Russia Halts Strikes on Syrian al-Qaeda, Citing Rebel Requests

US Had Spurned Russian Offer for Joint Offensive

Less than a week after Russia requested joint operations with the US to fight the growing al-Qaeda affiliate in Syria, the Nusra Front, a call which the US rejected, Russia has announced they are putting their unilateral offensive against the group on hold indefinitely.

Russian officials cited requests from 10 rebel factions within Syria to put a halt to the strikes while they separate themselves from Nusra, which controls a major umbrella group in the Idlib Province and is believed to be on the verge of declaring an independent “emirate” in the area.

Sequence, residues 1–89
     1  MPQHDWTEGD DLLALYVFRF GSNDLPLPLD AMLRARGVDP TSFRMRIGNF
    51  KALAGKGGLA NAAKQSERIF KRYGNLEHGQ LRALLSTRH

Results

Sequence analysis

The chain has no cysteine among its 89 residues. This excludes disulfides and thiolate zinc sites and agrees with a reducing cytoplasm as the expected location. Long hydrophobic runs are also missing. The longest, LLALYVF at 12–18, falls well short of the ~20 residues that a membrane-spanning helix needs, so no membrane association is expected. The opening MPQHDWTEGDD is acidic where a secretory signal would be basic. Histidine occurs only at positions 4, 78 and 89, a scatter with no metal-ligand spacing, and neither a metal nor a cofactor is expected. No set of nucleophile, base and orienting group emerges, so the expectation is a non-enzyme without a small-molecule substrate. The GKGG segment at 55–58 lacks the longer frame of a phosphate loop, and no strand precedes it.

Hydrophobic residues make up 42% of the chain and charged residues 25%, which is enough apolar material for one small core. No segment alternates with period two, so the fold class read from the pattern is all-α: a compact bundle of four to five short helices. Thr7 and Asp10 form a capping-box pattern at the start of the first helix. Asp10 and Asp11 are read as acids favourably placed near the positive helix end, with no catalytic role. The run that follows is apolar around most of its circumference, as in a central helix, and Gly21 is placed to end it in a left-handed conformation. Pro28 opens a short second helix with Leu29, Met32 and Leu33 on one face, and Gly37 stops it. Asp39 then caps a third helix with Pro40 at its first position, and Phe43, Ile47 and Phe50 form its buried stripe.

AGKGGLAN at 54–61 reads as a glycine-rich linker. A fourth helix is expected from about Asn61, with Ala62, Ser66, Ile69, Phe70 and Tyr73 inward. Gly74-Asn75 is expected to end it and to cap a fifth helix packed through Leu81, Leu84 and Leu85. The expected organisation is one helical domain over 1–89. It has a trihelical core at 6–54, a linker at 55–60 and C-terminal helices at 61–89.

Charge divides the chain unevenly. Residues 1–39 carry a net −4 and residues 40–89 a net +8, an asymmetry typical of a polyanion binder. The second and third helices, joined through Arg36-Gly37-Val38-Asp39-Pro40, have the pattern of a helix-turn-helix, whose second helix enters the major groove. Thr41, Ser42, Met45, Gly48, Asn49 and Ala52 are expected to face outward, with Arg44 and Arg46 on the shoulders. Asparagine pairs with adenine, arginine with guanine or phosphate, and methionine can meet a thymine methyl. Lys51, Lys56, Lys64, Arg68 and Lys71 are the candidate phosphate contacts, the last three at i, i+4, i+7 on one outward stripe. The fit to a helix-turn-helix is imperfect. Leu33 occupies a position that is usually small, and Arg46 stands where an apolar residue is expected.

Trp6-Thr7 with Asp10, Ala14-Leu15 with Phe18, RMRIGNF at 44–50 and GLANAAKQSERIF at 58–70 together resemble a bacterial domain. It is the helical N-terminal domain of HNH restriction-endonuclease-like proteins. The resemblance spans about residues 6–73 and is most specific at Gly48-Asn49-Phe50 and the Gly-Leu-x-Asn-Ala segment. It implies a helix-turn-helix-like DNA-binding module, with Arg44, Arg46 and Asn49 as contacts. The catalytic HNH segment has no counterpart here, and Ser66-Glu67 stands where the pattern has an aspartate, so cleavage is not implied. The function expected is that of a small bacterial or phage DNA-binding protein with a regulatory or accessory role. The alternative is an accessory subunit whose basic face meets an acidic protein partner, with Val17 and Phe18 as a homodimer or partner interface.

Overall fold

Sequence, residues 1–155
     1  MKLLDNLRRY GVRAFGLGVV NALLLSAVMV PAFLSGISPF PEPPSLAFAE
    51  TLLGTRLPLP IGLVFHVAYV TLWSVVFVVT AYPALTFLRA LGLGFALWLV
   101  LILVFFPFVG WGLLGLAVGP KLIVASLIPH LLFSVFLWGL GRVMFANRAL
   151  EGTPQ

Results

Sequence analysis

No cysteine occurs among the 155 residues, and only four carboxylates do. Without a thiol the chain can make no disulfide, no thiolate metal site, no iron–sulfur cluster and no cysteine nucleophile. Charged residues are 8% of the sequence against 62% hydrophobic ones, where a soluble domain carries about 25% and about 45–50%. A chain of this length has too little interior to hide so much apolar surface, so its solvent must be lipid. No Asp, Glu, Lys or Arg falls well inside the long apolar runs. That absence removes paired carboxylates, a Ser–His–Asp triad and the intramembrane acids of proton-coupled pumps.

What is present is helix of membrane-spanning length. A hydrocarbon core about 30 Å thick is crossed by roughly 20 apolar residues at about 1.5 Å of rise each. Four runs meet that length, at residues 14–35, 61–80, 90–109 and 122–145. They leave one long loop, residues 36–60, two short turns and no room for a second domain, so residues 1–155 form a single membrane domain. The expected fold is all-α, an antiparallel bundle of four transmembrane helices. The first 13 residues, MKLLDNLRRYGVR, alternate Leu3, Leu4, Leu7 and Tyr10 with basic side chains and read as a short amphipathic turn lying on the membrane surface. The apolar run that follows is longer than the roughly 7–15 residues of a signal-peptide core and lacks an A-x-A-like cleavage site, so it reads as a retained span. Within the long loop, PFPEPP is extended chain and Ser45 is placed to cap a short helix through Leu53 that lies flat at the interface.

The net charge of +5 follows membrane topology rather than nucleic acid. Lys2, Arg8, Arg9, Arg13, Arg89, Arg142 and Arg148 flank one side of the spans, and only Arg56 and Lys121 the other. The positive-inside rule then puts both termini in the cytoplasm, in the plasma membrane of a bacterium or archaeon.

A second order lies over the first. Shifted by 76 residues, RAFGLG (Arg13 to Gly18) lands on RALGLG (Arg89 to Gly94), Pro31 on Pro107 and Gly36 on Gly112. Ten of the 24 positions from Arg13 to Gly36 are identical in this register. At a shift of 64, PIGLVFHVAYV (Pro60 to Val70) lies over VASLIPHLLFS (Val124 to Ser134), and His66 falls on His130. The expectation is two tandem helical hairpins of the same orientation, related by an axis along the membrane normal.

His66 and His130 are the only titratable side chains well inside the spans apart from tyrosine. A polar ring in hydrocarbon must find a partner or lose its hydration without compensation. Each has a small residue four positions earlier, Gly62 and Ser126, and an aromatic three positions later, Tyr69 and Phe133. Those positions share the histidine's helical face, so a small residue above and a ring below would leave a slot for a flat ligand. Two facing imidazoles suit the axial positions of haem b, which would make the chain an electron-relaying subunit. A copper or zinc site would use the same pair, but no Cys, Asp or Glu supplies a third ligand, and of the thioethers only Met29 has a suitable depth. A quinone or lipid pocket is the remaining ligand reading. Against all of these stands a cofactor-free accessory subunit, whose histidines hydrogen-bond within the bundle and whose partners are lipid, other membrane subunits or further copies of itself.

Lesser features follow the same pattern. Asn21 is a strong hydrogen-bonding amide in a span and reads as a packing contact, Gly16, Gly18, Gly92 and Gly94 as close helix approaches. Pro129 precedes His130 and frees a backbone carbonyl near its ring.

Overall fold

Russian officials say from this point they will be targeting only ISIS territory. A number of US-backed rebel groups have complained about the targeting of Nusra, citing the group’s “commingling” with them and meaning Russia was targeting “legitimate” rebel groups too.

This became a particularly big problem during the ceasefire, when many parties to the ceasefire found themselves facing strikes because Nusra, not a party to the ceasefire, was embedded with them in the same sites.

The State Department issued a statement urging the rebels to separate themselves from Nusra to make it easier for the US to clearly tell who is and isn’t a proper rebel. They did not, however, comment on Russia’s end to strikes against the group.

Author: Jason Ditz

Jason Ditz is news editor of